Pichade lazy


Tonight, a good pichade. Lazy because I was too lazy to walk to the shop and get yeast for the dough. And I used a machine…


Tchak, tchak…lots of onions.


In the home-bakery (the jam program).


On dough with 1/2 whole wheat flour, it is made with baking powder.


Baked. It’s different with yeast, but this version is nice too.


Two shades of ‘ume’. Plums from the rains.


The rainy season we have now in Japan (mid-June ~ mid-July in Kansai) is married with the plums. It’s called the “plum rains”. So these ume are the “rain plums”.
You make think they are not ripe on this photo. It’s true they are very sour and hard. But that’s at this stage of maturation that they are picked and used to make umeboshi (pickled plum).


When they reach this color they are too mature for the salted pickle. When they become soft…they are not sweet, still as sour and less fragrant. Well, mines are yellow and still hard.


Good to make jam !


With kurozato black sugar.


I’ve just put the whole plums, blocks of sugar and water in the home-bakery. Lazy… but I was punished : that splashed and then cleaning the machine was a hell !


On the little plate, ume pesto (see here).


Sakura an-pan, blossom sweet bread



The sweet bread of the season is topped with a cherry blossom !

DSC07220-001 pickled sakura

It’s seasonal variation of anpan, a kashipan (Japanese sweet bread) filled with anko sweet bean paste. :



A sweet bread dough : 1 ts of yeast, 3 tbs of kurozato black sugar, 2 cups of AP flour, enough tonyu (home-made soy milk) to wet that. I’ve mixed it in the home-bakery machine.
Filled with sakura an paste and shaped.


DIY sakura bean paste (click here)


Baked 20 minutes at 180 C. OK, the shapes are… what they are.


Only one had a perfect aspect, but they were all delicious. I didn’t make enough.


Sekihan pan – Red rice bread

My reader Nippon-nin thought the black rice bread (bread with added rice) looked like o-seki-han, Japanese red sticky rice.

Today this is the real Canada Dr… well, the real sekihan-pan.

The other had not the flavor of the festive rice. This one has it 100%…

It’s really made of red azuki beans and of rice. I used “rice bread flour”, a mix of milled rice with gluten so I could make a classic yeast bread dough. The product is a bit expensive and I don’t think I’ll buy it again. I think regular rice flour and baking powder could make a good version too. Both dough could be steamed in a rice-cooker instead of baked in the oven. There are many possibilities.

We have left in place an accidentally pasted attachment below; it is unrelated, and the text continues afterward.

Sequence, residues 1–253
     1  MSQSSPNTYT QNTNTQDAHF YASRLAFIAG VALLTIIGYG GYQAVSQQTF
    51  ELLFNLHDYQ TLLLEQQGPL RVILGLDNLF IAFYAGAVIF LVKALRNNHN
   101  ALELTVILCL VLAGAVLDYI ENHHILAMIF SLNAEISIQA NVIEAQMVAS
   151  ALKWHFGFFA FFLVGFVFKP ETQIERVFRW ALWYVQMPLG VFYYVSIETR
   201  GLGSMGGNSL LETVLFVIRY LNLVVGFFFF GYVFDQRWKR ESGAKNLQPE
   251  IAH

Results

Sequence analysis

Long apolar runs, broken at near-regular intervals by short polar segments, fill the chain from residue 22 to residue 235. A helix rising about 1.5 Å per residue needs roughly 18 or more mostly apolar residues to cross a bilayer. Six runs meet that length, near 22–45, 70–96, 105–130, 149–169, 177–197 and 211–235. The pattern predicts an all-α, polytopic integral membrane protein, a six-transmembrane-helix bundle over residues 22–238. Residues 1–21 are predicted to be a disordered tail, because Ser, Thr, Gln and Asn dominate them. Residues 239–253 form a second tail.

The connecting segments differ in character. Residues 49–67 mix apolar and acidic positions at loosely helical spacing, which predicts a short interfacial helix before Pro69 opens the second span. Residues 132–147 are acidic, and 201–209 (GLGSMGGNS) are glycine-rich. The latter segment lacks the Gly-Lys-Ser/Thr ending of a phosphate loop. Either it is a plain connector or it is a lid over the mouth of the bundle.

I made the dough with the cooking broth of the azuki beans, then added boiled beans to it.

On top of that pink rice you often add gomashio. Normally, it’s crushed sesame with salt. I’ve let them whole.

Many shapes.

Back side.

Inside. You can see the beans in a quite moist pink bread.

Enjoy with green tea. Hot or cold, it really tastes like seki-han. That could be a great bread for a hanami picnic under the cherry blossoms if…
If I still have some left when the storm stops and the flowers open.
If the storm lets a few branches on the trees.
It’s apocalyptic today. Ffffffffffffff… the wind. Good point : the wind has cleared the air from pollen so we can breath better.

Black rice bread

Bread with black rice.
Where does this idea come from ? Daring Bakers. But not only.
Well, that’s floating in the air. Now in Japan, there is a real craze (orchestrated by marketing wizards) around the Home Bakery machines that make bread from rice. Well, that’s not really possible to make bread with only rice as it lacks gluten. There are various *tricks*, but here I simply added the rice to bread flour, inspired by Daring Baker’s brown rice bread recipe.

I was experimenting the Dutch crunch for the “tiger bread” of the challenge. I had the “plain rice flour” called by the recipe. So I tried 2 substitutes here and I didn’t get the expected tiger effect, but those funny rolls.

That’s Chinese black rice. Is it sticky rice ? Maybe. I don’t know what I buy ? Hey, no. That’s the charm of shopping in Chinatown. That’s not that they can’t speak Japanese, that’s they are friendly like jail doors. They don’t talk to you. They write minimal information on packages. Like for rice, they put in a transparent bag : you can see what it is. The label has only origin and date, as that’s compulsory. So, it seems semi-sticky. I wish I could tell you…

I cooked it normally in the rice cooker and I put one cup in the blender with 3 cups of water to get a thick sauce. I made a normal bread dough with this addition, in Kiki (my home-bakery).

Surprise : the dough went very high (3 to 4 times the initial volume) and it was VERY sticky and when I tried to take it with a spoon it made bubbles ! I think that’s the effect of the stickiness of the rice.

First experiment : Corn starch coating. It never became a paste, it leaked around.

Second experiment : Joshinko coating. Joshinko is a rice *processed flour* used to make Japanese sweets.

The bread was as you see pink inside, very soft and fluffy. Well perfect toast bread.

The corn starch coating, that looks like plaster. That tastes… not. Nothing. That’s decorative, if you like white…

Joshinko coating gave a tastier crust, but no tiger skin effect. The bun didn’t raise as much as it should.

Well interesting. I’ll make more breads with rice.